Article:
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Filed under accountability, communal relations, Islamic fundamentalism, jihad, life stories, martyrdom, Muslims in Lanka, performance, politIcal discourse, power politics, religiosity, security, self-reflexivity, sri lankan society, terrorism, unusual people, war reportage, working class conditions, world events & processes

A Muslim Lankan’s Thoughts on the Atrocities and Their Implications

Irfan Husain, in Sri Lanka Guardian, 29 April  2019, where the title isJihadis in Sri Lanka

Whenever there’s a terrorist attack anywhere, I pray that Muslims weren’t involved. And if they are, I cross my fingers and wish none of them were Pakistanis. In the horror stories emerging from Sri Lanka, I seem to have got my second wish. However, this is scant consolation for the mayhem unleashed by a little-known Islamist group, the National Towheed Jamaath (NTJ), backed by the militant Islamic State (IS) group.

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Filed under accountability, Bodu Bala Sena, citizen journalism, communal relations, conspiracies, cultural transmission, heritage, historical interpretation, Islamic fundamentalism, island economy, jihad, life stories, Muslims in Lanka, patriotism, politIcal discourse, psychological urges, reconciliation, religiosity, self-reflexivity, sri lankan society, terrorism, tolerance, trauma, women in ethnic conflcits, working class conditions, world events & processes

Nimal Sanderatne’s Review of Lanka’s Economic Performance over 71 Years

Nimal Sanderatne, in Sunday Times, 3 February 2013, where the title reads  Tale of lost opportunities: 71 years of economic underdevelopment amid social progress”  









On the eve of the country’s 71st anniversary of independence, we cannot be content with the country’s post-independence economic performance. It has been far below our potential and expectations at independence. It has been a tale of lost opportunities. Nevertheless, our post-independence social development has been impressive with significant improvements in education, health and social amenities. Continue reading

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Filed under accountability, economic processes, education, export issues, heritage, historical interpretation, island economy, performance, politIcal discourse, sri lankan society, welfare & philanthophy, working class conditions, world events & processes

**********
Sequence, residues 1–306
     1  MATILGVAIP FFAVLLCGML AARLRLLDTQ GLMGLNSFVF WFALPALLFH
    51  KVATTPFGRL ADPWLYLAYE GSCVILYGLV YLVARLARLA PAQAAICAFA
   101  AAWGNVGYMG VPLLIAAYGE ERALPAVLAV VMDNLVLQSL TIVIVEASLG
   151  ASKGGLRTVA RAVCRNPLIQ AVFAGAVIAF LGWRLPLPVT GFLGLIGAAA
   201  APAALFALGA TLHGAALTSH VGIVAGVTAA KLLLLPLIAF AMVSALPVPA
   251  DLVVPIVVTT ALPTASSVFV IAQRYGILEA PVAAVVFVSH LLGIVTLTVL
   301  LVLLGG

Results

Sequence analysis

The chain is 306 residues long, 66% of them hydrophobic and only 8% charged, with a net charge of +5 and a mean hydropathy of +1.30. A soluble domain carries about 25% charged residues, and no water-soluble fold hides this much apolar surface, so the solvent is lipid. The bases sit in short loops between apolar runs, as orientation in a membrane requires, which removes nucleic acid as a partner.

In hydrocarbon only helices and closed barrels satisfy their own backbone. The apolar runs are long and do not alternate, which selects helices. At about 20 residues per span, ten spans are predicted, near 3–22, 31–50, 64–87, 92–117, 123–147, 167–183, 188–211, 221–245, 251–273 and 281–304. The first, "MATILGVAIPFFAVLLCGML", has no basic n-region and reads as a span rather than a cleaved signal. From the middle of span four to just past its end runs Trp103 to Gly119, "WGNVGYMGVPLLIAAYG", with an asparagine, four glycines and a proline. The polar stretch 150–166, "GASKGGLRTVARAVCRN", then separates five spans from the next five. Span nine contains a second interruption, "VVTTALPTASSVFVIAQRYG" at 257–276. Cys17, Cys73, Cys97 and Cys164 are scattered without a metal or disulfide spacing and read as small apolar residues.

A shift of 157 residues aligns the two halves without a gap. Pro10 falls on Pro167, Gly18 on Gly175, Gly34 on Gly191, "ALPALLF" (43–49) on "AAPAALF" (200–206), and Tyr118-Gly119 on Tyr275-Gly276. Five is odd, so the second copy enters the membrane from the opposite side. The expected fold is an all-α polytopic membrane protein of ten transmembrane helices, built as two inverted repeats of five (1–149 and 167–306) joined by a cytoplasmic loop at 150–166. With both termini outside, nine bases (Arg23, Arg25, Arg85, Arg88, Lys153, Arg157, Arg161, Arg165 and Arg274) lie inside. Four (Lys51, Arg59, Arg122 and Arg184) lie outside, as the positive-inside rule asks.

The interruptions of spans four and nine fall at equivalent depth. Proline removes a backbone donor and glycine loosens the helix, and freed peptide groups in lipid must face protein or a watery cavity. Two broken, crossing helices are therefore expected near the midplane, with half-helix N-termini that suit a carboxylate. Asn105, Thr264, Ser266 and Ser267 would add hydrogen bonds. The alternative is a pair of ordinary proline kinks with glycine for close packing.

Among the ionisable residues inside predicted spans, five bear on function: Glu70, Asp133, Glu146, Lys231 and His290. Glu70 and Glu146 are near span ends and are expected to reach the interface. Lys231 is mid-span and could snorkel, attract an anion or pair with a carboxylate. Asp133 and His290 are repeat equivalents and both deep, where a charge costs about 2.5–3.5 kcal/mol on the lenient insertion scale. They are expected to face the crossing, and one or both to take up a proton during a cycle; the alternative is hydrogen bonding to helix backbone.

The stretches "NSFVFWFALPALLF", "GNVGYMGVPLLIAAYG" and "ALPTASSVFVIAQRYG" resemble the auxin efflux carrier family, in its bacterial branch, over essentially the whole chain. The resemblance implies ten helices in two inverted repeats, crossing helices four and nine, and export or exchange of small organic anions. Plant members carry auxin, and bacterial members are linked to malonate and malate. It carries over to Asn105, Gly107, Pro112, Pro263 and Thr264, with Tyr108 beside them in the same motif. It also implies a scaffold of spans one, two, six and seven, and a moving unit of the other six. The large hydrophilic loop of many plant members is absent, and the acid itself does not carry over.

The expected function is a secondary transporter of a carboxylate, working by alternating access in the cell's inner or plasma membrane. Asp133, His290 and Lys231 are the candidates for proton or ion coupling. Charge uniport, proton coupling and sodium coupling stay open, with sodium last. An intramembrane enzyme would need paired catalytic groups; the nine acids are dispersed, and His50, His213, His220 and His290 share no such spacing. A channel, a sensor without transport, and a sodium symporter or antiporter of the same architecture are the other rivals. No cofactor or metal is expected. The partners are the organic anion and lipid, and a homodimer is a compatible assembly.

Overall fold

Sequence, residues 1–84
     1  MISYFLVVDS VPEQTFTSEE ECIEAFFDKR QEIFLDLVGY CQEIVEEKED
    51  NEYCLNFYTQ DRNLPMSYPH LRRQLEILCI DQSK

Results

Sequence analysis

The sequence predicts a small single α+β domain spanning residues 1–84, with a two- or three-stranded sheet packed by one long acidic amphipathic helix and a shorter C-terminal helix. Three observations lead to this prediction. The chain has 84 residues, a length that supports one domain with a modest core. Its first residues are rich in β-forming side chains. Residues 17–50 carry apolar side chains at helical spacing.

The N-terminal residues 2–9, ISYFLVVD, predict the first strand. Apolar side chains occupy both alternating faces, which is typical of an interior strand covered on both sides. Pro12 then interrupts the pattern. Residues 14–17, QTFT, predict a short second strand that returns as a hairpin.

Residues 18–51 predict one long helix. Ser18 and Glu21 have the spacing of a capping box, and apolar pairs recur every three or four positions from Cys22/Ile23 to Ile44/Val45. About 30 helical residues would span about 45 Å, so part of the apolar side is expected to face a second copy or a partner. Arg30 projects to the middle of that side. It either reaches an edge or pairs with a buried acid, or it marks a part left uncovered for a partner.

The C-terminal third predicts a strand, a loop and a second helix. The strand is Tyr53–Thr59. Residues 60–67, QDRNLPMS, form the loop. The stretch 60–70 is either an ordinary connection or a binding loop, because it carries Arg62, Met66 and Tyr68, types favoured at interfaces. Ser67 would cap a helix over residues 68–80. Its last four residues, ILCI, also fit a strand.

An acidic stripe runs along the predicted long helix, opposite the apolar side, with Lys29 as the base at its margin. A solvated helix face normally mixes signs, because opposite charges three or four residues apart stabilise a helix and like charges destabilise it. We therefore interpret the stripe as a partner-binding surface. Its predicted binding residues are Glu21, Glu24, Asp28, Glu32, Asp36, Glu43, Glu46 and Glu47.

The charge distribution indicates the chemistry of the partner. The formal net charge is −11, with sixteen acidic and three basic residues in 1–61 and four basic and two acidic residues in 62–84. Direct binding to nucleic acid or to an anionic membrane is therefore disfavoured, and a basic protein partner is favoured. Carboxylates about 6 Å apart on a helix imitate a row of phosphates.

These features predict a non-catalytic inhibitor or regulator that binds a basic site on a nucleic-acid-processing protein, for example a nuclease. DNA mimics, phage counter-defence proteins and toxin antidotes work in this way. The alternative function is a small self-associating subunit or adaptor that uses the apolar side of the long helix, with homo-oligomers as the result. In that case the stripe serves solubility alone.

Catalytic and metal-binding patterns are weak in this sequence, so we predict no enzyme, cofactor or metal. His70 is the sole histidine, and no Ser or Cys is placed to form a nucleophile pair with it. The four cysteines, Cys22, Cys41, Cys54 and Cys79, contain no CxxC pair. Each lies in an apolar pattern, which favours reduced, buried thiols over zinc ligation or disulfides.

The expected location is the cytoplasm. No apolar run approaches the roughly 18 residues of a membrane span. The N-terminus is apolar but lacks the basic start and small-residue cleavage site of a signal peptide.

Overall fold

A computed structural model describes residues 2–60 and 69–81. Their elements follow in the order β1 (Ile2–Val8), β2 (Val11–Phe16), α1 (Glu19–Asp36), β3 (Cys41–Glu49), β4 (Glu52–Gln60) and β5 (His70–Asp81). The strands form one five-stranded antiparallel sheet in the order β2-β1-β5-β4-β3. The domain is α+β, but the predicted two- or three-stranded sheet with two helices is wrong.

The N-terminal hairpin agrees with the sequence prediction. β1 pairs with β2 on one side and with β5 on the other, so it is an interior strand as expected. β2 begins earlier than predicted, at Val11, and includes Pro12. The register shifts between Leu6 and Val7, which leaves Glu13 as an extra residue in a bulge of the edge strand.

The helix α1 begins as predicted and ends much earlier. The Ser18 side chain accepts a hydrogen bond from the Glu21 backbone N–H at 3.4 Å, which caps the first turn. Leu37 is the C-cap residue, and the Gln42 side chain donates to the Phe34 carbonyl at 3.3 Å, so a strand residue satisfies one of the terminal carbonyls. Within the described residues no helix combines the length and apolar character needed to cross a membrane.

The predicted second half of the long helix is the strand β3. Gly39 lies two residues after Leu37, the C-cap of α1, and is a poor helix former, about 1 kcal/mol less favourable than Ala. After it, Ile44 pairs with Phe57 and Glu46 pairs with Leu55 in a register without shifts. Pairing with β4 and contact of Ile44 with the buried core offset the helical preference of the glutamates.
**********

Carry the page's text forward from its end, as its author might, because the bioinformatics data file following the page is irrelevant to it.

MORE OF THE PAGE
Yellow Jacket Protests in France: The Power of Social Media and Populism

Jeremy Harding, review essay in London Review of Books, March 2019, with this title “Among the Gilets Jaunes”

When they gathered at roads and roundabouts at the end of last year, the French government was caught off guard. Within a week of their first nationwide mobilisation, they were turning out regularly at intersections across the country to slow up traffic, and marching through Paris and the big provincial cities. Hasty polls announced that 70 or 80 per cent of the population, including many in France’s largest conurbations, supported this massive show of impatience. Yet the gilets jaunes first came together beyond the margins of the major cities, in rural areas and small towns with rundown services, low-wage economies and dwindling commerce. They were suspicious of the burgeoning metropolitan areas, which have done well on a diet of public funding, private investment, tourism and succulent property prices. Among them are people who grew up in city centres but can no longer afford to live in them: these barbarians know where they are when they arrive at the gates. Parading in central Paris and the new, carefully massaged hubs of French prosperity – Toulouse and Bordeaux especially – they end proceedings with a show of violence and destruction. After 15 weeks of costly protest, public sympathy in the big metropolitan areas has only recently begun to fall off. That is one of many puzzles.

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Filed under accountability, centre-periphery relations, citizen journalism, governance, landscape wondrous, life stories, meditations, political demonstrations, politIcal discourse, power politics, self-reflexivity, social justice, the imaginary and the real, unusual people, working class conditions, world events & processes

One for the Road: Rags to Potential Riches

An Item from India, entitled ” Smart and Grateful daughter”

“The girl pulling rickshaw☠is the current IAS topper in IAS exams (IAS = Indian Administrative Service) …. *Man sitting behind is her father who normally pulls this rickshaw…. . She did so to publicly acknowledge her gratitude towards her father for her achievement. The daughter who became IAS topper, honours her father by taking him around the streets for everyone to see the rickshaw (and the puller) which enabled her to realize her dream.